Survey: Many Americans Admit They Lack Basic Money Skills

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If you lost your job and sole source of income tomorrow, could you live for more than a month on what you have saved? If you answered “no,” you’re not alone.

A survey conducted by RetailMeNot and The Omnibus Co. — just in time for Financial Literacy Month — found that just 52 percent of respondents could live for more than a month on what they have socked away in their savings accounts.

If that’s not concerning enough, nearly half of those surveyed said they lack knowledge or understanding, and thus confidence, about their personal finances. Many people are in dire need of financial literacy.

But truly, there are simple steps people can take. Trae Bodge, senior editor for The Real Deal blog by RetailMeNot, said:

Saving money is just one part of the financial literacy equation. It is also important that consumers spend wisely to be able to afford the items they need. Making small adjustments to shopping behaviors, like utilizing discounts for everyday purchases, in addition to putting away even a small amount each month, are important steps toward achieving overall financial health.

Other key findings of the survey include:

  • Savings? One in 4 respondents – 30 percent of men and 20 percent of women – said they had no idea how much money was in their savings account.
  • Worried about the future. Nearly 80 percent of respondents said they are concerned that they will not be able to retire at the time they wanted, nor will they be able to afford the lifestyle they desire. This is especially true of unmarried people.
  • Financial education. More than 92 percent of respondents said it’s the parents’ responsibility to educate the next generation about money. That may be difficult considering less than half of parents said they’re confident about financial issues themselves.
  • Chores and money. About 70 percent of participants think doing chores for allowance “is one of the best ways to teach children financial lessons,” RetailMeNot said.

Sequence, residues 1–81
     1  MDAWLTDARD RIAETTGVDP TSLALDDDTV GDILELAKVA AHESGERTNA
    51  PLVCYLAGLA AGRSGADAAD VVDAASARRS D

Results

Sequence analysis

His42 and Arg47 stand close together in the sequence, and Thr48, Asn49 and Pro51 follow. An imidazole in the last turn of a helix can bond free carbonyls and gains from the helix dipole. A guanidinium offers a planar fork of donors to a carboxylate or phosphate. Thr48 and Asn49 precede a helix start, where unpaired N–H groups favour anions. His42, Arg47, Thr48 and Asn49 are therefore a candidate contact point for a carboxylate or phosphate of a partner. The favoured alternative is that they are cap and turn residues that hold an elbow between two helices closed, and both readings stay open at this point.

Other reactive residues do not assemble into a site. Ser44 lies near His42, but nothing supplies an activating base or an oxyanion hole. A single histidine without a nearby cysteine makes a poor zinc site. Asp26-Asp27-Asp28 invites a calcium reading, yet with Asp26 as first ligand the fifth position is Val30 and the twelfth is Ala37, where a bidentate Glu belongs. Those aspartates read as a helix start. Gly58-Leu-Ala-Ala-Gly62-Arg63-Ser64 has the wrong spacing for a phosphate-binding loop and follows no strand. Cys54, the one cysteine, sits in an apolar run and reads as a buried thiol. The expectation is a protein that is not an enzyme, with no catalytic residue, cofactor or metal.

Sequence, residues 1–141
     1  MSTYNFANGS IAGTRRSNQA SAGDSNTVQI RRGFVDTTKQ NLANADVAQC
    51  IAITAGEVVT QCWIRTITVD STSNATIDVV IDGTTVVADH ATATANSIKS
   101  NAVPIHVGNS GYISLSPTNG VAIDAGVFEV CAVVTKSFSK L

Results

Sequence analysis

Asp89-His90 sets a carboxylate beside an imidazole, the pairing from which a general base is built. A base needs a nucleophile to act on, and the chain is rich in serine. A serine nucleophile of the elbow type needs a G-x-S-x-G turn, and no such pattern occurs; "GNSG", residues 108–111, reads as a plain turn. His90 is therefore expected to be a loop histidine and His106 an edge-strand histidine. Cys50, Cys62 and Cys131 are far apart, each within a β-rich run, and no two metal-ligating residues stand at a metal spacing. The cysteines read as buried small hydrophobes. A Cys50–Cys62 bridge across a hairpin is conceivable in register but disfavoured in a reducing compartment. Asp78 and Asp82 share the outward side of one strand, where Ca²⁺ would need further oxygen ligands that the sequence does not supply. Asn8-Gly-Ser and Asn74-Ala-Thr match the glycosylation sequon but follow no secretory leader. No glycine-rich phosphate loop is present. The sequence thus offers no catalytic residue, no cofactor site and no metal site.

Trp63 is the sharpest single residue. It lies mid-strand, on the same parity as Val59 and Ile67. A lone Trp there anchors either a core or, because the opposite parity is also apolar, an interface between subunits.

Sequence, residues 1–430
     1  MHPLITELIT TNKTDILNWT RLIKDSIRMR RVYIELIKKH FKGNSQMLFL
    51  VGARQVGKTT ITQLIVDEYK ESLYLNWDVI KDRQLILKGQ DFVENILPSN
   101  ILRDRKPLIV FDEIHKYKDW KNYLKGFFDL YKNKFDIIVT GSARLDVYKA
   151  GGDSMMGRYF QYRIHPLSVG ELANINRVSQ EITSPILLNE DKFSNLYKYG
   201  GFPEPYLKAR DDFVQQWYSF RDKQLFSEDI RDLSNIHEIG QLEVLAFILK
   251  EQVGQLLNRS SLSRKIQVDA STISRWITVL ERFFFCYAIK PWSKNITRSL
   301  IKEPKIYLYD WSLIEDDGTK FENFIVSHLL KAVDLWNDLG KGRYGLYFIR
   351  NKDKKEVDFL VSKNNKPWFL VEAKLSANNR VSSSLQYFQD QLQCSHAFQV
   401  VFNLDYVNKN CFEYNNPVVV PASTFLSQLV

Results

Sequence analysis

With 8 in 10 people reporting being worried about retirement, it’s alarming that a recent study by financial security company Genworth showed that relatively few Americans take the initiative to improve their financial savviness, even though it means a larger nest egg at retirement.

Sixty percent of men and 34 percent of women told Genworth that they are actively pursuing education about personal finance matters.

New York-based psychologist and money coach Barbara Nusbaum told Genworth that access to information is not the problem.

Rather, it is a feeling of being overwhelmed – by the complexity of financial products, by the amount of time perceived as necessary to improve one’s financial knowledge and a disconnect between financial needs and personal needs. An hour invested today in gaining the financial know-how that will make your life, family and money more secure will pay tremendous dividends over the long run.

Remember, April is Financial Literacy Month. What better time to educate yourself about personal finance?

Do you consider yourself financially savvy? Share your comments below or on our Facebook page.

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  • Ursula Petralia

    a colleague at the university whose credit cards were “over the limit” was told she needed tires. she thought it clever to trade in her 2-year-old car for a new one because that way she got 4 new tires at low monthly payments (for 6 years). hmmm?